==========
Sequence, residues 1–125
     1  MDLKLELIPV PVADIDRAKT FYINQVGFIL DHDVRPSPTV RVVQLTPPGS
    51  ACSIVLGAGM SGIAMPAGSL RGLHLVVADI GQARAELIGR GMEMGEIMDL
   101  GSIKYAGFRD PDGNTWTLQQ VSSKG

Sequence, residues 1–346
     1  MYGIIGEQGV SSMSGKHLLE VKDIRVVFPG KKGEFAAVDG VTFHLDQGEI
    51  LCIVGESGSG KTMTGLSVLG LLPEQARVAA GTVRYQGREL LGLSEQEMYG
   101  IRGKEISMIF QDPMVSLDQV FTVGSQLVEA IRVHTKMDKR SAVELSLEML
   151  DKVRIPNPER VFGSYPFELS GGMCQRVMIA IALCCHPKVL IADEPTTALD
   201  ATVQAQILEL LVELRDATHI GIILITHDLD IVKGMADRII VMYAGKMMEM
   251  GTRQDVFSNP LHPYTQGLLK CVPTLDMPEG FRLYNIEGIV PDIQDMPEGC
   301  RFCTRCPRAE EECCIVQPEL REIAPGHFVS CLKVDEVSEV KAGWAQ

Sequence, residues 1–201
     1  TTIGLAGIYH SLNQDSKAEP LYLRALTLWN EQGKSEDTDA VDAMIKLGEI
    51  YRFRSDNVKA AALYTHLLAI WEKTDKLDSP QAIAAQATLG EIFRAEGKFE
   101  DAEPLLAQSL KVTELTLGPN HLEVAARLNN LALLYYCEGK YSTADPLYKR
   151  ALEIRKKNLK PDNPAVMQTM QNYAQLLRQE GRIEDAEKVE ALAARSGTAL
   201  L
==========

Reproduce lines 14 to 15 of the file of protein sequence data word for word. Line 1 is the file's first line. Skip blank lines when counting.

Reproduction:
     1  TTIGLAGIYH SLNQDSKAEP LYLRALTLWN EQGKSEDTDA VDAMIKLGEI
    51  YRFRSDNVKA AALYTHLLAI WEKTDKLDSP QAIAAQATLG EIFRAEGKFE